Jerry Seinfeld proves himself master of the observational domain
At the Orpheum on Friday, September 7. Continues September 8
Did you ever notice how observational comics get short shrift from die-hard comedy fans? Absurdism is fine, sociopolitical tirades are cool, and storytelling is all the rage. But the cognoscenti turn up their noses at performers who dare talk about the minute details of life, as if they’re any less relevant.
But to paraphrase Duke Ellington, there are only two types of comedy: good and bad. Jerry Seinfeld’s act gets denigrated by some, but the guy is just plain good. And if he wasn’t now out of the younger set’s price range, the hipsters would give him full credit for being master of the observational domain, rather than just another practitioner.
There’s a case to be made that Seinfeld and his ilk are actually consequential comics, despite not tackling serious subjects. And Norm Macdonald will make that case. In talking about Seinfeld and Brian Regan, the SNL vet told me earlier this year: “I certainly think these guys are important comedians because, in a way, the tiny, everyday things that we do in life, that’s what life actually is. So they may be the deepest of all….Because a man is what he does, rather than what he thinks or says.”
Seinfeld’s genius is his ability to deconstruct a given topic down to the molecule, approach it from every conceivable angle, and tie it all together in a neat bow. His opening bit on chairs and the human propensity to sit, while not new, is still impressive. He goes from our theatre seats back to the descent of man and winds up in bed, the only option that beats sitting.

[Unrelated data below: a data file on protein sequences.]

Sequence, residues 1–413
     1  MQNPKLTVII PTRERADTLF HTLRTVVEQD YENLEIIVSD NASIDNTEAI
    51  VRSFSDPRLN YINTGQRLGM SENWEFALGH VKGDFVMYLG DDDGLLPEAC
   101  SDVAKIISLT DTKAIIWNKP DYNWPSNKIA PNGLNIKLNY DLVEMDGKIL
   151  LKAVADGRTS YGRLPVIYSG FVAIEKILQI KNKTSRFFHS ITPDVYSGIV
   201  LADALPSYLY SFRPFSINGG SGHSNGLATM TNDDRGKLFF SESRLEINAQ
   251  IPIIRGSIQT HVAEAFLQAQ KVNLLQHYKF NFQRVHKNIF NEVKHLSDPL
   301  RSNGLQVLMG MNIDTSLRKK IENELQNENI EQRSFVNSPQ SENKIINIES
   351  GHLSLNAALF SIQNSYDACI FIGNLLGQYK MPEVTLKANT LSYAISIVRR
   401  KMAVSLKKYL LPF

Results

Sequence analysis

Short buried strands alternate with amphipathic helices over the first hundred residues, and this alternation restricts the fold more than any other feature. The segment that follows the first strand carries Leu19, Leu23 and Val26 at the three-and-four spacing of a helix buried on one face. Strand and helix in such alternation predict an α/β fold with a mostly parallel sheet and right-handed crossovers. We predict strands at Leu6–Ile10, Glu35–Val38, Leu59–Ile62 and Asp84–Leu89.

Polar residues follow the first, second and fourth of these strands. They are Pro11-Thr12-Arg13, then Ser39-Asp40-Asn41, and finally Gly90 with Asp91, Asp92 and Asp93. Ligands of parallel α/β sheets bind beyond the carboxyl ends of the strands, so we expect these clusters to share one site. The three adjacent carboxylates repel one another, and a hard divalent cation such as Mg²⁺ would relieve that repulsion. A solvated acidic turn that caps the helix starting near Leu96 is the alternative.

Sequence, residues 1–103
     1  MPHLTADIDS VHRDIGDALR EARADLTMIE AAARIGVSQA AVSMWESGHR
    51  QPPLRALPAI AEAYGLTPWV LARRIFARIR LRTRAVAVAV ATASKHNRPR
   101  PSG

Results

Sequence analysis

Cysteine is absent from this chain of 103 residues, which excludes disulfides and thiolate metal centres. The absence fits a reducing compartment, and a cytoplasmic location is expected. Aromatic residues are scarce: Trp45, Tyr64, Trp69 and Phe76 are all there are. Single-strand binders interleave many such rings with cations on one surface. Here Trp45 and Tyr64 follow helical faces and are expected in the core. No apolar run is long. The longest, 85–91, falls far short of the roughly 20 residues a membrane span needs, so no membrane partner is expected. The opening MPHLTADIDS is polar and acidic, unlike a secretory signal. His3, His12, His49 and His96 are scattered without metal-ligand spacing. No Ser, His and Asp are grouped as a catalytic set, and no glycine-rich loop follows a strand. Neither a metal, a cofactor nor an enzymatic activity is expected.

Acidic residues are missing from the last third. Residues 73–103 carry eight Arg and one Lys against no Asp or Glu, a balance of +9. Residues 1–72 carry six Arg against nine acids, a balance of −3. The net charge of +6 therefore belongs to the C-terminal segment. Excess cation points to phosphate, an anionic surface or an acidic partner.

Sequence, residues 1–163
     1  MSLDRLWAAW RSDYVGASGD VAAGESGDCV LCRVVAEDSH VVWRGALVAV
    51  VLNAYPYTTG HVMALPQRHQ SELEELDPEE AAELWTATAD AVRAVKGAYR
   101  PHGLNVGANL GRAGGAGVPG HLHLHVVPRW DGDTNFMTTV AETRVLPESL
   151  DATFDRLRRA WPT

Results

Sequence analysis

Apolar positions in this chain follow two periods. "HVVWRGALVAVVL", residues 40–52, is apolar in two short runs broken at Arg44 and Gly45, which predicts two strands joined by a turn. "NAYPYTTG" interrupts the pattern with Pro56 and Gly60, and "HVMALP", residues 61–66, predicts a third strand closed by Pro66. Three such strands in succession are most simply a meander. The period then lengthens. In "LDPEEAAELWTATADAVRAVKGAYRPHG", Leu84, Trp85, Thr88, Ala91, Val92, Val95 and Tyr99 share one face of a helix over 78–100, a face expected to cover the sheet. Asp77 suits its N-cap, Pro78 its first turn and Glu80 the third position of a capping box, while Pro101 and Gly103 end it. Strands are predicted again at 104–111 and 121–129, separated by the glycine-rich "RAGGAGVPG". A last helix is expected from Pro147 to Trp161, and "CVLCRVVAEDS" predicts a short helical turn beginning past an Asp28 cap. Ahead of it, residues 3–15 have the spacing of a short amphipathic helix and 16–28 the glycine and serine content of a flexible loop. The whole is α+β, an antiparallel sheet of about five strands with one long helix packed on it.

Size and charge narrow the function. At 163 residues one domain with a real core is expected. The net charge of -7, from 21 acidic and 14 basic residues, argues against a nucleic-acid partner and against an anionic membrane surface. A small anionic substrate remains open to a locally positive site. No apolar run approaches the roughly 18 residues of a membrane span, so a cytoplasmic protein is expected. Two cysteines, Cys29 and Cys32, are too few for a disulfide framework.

The show is a performance from the moment the 58-year-old runs on-stage. Seinfeld doesn’t go off-script. But he doesn’t need to. His hour is full of ideas and language and act-outs; there’s no time for filler. For those who feel the need to get to know the real Jerry a little bit, you can watch his excellent web series, Comedians in Cars Getting Coffee. This, however, is a show and here the act is king.
Because his topics are trivial on the surface, it’s sometimes easy to forget his way with words. Not only are his ideas unique, he’s a gifted writer. He applies the perfectly crafted analogy to the mundane in a way that gets us to come around to his way of thinking. He describes the Cream of Wheat his mother used to make as “so thick it was like rowing in the hull of a slave ship". The endless serve-and-volley of a typical email exchange is “like eating a hero sandwich on a toilet". Facebook is a “trash receptacle of human time".
The only complaint, as I wrote the last time he was in town, is that he doesn’t turn over material that often, so any repeat guests have heard most of the bits before. But it’s like re-reading a good book: you get something new each time you go back to it.